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Thematic Overview: Member States whose 2017 Draft Budgetary Plans Were Assessed To Be "At Risk of Non-Compliance" with the Stability and Growth Pact

25-04-2017

This briefing gives an overview of the recent European Commission (COM) assessments of eight Member States (Spain, Portugal, Italy, Belgium, Cyprus, Lithuania, Slovenia and Finland) whose 2017 Draft Budgetary Plans (DBPs) are considered to be “at risk of non-compliance” with their current obligations under the Stability and Growth Pact (SGP). This briefing will be updated as further assessments by the COM become available regarding compliance with the SGP.

This briefing gives an overview of the recent European Commission (COM) assessments of eight Member States (Spain, Portugal, Italy, Belgium, Cyprus, Lithuania, Slovenia and Finland) whose 2017 Draft Budgetary Plans (DBPs) are considered to be “at risk of non-compliance” with their current obligations under the Stability and Growth Pact (SGP). This briefing will be updated as further assessments by the COM become available regarding compliance with the SGP.

Euro Area Key Indicators: Latest Forecasts by EC, IMF, ECB and OECD

24-04-2017

This table prepared by the Economic Governance Support Unit includes Euro Area key indicators and latest forecasts from the Commission, IMF, ECB and OECD.

This table prepared by the Economic Governance Support Unit includes Euro Area key indicators and latest forecasts from the Commission, IMF, ECB and OECD.

Key Macroeconomic Indicators in the Euro Area and the United States

24-04-2017

Latest forcest by EC, IMF and OECD.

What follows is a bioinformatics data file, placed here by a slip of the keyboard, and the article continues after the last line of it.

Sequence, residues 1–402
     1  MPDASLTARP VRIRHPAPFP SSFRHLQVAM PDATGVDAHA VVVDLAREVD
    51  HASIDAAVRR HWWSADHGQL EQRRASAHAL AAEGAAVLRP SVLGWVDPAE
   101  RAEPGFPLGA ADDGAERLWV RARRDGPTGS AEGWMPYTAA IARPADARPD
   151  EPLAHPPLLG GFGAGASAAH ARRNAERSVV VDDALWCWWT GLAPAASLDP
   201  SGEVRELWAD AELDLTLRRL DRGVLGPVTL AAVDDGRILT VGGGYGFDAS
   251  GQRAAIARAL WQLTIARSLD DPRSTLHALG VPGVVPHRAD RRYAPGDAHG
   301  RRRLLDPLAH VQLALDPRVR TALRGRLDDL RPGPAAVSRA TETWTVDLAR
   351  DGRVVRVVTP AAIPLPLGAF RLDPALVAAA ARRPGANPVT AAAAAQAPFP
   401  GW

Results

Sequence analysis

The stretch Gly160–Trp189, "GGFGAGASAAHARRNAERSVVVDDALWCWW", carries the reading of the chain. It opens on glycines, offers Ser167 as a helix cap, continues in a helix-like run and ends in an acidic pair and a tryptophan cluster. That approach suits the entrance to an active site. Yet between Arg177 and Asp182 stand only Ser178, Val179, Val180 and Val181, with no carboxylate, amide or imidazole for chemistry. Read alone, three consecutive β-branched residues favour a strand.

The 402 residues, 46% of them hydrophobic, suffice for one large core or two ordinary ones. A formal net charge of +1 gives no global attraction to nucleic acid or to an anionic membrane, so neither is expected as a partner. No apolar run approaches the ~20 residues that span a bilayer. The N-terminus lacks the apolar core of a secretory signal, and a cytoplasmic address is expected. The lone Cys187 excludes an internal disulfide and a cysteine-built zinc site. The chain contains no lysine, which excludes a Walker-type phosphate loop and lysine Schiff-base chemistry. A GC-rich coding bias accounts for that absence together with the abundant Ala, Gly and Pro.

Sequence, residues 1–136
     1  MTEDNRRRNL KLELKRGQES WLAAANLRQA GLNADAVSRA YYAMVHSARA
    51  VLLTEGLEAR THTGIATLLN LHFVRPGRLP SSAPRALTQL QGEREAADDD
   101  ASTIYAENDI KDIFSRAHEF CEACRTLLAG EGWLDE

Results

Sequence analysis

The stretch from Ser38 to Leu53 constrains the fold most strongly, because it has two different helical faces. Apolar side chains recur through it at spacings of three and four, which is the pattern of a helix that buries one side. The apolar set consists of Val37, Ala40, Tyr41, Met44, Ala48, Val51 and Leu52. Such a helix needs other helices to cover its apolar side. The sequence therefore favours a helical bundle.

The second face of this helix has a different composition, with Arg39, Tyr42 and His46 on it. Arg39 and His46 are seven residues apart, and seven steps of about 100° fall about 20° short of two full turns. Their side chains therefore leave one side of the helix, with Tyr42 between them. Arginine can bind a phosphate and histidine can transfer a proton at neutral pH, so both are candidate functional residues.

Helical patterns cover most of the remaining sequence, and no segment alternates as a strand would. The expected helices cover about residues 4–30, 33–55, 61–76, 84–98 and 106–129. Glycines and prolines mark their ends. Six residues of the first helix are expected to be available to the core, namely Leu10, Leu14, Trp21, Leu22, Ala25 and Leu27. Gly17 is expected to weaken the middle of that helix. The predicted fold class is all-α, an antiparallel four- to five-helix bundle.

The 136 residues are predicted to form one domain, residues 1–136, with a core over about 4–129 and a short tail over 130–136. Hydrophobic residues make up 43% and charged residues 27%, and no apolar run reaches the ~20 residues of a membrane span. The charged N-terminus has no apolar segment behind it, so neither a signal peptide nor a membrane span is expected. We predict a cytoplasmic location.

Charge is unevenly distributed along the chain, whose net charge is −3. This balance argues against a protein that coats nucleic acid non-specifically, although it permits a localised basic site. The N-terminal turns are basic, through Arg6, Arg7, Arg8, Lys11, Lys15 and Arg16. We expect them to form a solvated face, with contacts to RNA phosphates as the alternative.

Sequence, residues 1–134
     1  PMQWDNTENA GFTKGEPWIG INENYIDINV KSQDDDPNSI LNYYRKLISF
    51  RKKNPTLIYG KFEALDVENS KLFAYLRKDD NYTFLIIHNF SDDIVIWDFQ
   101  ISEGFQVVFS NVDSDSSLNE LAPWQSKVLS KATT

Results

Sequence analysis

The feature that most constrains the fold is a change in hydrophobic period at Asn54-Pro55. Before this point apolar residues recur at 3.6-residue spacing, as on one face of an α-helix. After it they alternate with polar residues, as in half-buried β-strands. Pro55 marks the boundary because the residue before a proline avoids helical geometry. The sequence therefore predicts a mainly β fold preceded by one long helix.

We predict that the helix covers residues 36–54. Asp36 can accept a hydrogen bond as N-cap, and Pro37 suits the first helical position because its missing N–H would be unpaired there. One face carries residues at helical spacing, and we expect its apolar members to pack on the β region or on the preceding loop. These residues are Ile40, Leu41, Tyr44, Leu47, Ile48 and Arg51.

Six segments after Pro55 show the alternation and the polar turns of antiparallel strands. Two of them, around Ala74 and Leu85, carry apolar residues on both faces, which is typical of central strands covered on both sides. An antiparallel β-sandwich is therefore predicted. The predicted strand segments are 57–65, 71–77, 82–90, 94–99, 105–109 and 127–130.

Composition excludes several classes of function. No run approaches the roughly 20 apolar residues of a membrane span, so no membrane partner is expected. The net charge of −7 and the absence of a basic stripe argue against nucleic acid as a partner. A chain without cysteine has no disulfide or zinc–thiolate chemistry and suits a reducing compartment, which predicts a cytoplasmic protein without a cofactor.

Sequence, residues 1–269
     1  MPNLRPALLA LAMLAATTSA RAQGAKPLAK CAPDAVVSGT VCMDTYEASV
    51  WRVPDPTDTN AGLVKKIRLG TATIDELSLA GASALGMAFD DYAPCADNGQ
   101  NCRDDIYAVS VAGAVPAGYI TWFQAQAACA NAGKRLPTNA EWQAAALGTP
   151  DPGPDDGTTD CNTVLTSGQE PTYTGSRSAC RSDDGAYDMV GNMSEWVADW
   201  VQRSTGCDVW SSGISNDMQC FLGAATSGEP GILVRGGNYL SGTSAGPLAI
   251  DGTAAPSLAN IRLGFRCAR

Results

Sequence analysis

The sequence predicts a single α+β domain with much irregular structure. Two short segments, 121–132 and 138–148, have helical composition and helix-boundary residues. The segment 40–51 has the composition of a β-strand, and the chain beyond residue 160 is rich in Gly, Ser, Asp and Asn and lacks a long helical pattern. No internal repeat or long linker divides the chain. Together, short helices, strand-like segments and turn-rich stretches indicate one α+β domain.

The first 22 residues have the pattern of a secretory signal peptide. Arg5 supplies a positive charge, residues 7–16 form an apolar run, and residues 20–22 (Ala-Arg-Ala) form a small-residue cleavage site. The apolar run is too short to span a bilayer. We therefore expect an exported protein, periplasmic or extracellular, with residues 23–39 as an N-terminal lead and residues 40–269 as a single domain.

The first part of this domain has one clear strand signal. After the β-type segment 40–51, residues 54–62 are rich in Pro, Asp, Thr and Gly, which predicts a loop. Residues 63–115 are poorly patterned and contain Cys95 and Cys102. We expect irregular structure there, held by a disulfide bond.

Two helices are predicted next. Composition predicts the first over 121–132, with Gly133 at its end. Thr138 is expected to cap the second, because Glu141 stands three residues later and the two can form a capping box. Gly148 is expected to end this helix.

Latest forcest by EC, IMF and OECD.

European Fund for Strategic Investments – EFSI 2.0

24-04-2017

On 14 September 2016, the Commission, in accordance with Article 18 of Regulation (EU) 2015/1017, proposed an extension of the duration of the European fund for strategic investments (EFSI) until 31 December 2020 and the introduction of technical enhancements for that fund and the European Investment Advisory Hub. The new proposal, referred to as EFSI 2.0, includes an increase in the EU guarantee from €16 to 26 billion and in EIB capital from €5 to 7.5 billion, which should mobilise private and public ...

On 14 September 2016, the Commission, in accordance with Article 18 of Regulation (EU) 2015/1017, proposed an extension of the duration of the European fund for strategic investments (EFSI) until 31 December 2020 and the introduction of technical enhancements for that fund and the European Investment Advisory Hub. The new proposal, referred to as EFSI 2.0, includes an increase in the EU guarantee from €16 to 26 billion and in EIB capital from €5 to 7.5 billion, which should mobilise private and public investment of €500 billion over the period until 2020. The proposal also focuses on project sustainability, enhancement of geographical coverage and ways to reinforce take-up in less developed regions, while also aiming to enhance the transparency of investment decisions and governance procedures, and reinforce the social dimension by means of additional financial instruments. Second edition. The 'EU Legislation in Progress' briefings are updated at key stages throughout the legislative procedure.

Structural reform support programme 2017-2020

21-04-2017